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Re: So what's null then if it's not nothing?

From: David Cressey <david.cressey_at_earthlink.net>
Date: Mon, 28 Nov 2005 11:39:10 GMT
Message-ID: <y%Bif.6277$N45.581@newsread1.news.atl.earthlink.net>

"Frank Hamersley" <terabitemightbe_at_bigpond.com> wrote in message news:A7wif.5513$ea6.729_at_news-server.bigpond.net.au...

> It has always escaped me why Sybase particularly (and perhaps others)
> convert '' to ' ' for varchar attributes. I must admit I haven't
> applied much brain power to rationalising the impact on the query engine
> of unwinding this behaviour, but on first impression can't understand
> why NULL, '' and ' ' are not distinguishable. Curiously RTRIM('') gives
> NULL as a result!
>
> Anyway, thats the way it is. Perhaps someone can turn on the light?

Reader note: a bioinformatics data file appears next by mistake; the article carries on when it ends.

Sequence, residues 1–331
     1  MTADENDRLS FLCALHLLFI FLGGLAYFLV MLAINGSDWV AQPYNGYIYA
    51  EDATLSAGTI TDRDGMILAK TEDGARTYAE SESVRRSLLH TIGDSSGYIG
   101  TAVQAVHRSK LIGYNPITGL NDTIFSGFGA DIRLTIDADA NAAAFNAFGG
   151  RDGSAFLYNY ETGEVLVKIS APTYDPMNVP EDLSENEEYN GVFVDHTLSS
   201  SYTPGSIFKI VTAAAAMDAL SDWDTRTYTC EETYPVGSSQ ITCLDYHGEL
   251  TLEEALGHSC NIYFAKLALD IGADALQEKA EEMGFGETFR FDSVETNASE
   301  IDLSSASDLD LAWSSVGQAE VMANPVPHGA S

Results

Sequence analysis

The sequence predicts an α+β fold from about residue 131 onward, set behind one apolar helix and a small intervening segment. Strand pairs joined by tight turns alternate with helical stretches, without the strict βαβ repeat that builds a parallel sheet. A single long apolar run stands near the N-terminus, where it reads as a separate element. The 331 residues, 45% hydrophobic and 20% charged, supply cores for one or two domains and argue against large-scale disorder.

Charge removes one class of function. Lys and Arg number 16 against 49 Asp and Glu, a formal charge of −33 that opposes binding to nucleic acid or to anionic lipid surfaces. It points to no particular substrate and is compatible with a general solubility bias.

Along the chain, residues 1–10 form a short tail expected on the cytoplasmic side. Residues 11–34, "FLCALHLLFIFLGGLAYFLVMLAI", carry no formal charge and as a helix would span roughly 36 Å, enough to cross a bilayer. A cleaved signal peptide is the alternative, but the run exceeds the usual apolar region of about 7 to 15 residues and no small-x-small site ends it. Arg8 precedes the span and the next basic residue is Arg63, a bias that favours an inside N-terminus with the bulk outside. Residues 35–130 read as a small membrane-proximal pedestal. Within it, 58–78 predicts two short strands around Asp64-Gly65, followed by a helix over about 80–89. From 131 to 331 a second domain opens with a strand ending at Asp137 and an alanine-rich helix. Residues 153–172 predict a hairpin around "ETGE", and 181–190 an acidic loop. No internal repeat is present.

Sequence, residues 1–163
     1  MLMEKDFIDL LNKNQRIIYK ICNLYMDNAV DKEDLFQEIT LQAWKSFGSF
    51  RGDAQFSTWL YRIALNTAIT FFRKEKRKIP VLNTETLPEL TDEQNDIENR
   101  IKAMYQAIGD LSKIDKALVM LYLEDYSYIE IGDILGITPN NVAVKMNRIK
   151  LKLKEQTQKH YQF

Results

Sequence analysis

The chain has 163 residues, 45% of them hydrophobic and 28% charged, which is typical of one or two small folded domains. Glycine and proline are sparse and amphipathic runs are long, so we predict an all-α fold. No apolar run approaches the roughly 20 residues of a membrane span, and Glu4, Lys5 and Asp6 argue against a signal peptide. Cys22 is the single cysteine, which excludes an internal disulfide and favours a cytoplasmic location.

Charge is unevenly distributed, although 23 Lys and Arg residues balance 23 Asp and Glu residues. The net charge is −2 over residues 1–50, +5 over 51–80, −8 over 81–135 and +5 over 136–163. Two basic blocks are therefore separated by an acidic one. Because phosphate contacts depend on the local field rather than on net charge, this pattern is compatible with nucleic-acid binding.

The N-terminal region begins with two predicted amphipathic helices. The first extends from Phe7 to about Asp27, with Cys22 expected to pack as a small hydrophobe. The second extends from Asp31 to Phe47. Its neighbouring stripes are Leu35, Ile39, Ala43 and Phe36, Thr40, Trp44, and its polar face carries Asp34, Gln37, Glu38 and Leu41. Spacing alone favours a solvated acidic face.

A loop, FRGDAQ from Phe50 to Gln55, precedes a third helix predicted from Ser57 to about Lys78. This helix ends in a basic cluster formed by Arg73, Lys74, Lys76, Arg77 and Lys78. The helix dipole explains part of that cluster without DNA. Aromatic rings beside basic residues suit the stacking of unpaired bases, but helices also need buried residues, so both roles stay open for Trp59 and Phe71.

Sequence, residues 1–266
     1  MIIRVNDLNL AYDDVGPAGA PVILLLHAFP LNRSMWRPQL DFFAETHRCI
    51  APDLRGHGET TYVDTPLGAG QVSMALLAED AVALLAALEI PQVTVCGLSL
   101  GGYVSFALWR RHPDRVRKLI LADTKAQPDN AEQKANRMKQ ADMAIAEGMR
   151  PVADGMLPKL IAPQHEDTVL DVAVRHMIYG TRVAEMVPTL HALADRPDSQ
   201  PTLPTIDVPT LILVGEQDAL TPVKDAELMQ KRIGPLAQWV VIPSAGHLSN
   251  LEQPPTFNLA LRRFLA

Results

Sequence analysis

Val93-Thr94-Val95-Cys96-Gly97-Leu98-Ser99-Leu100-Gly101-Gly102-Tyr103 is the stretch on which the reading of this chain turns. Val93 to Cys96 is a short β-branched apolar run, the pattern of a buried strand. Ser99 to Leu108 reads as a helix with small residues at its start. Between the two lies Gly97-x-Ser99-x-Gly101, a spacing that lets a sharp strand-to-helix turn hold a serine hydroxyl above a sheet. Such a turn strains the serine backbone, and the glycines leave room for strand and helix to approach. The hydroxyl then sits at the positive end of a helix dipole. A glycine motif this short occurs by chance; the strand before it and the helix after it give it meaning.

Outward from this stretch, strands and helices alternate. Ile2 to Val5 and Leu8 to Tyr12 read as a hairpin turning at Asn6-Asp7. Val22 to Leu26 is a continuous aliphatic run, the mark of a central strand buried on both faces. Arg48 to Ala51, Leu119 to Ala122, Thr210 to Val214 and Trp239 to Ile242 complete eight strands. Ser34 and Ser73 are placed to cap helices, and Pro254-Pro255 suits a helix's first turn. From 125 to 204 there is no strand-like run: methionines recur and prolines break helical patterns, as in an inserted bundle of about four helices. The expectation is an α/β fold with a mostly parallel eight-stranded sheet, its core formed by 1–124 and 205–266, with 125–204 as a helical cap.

The engineers are not infinite in their wisdom.

The most robust solution for storing NULLS is a bit vector stored with each row, that indicates whether data is present or not present in each of the cells. However, this adds overhead. DEC Rdb did it this way. DEC's solution has the overhead, even in cases where a coulmn is declared NOT NULL. Oracle chose to indicate a null by the "impossible values" method. For example, A NULL in a NUMBER is represented by minus zero. A single zero byte is used to represent a NULL in a VARCHAR. Unfortunately, an empty string, having length zero, gets the same representation. Oops!

I don't know about Sybase. Received on Mon Nov 28 2005 - 05:39:10 CST

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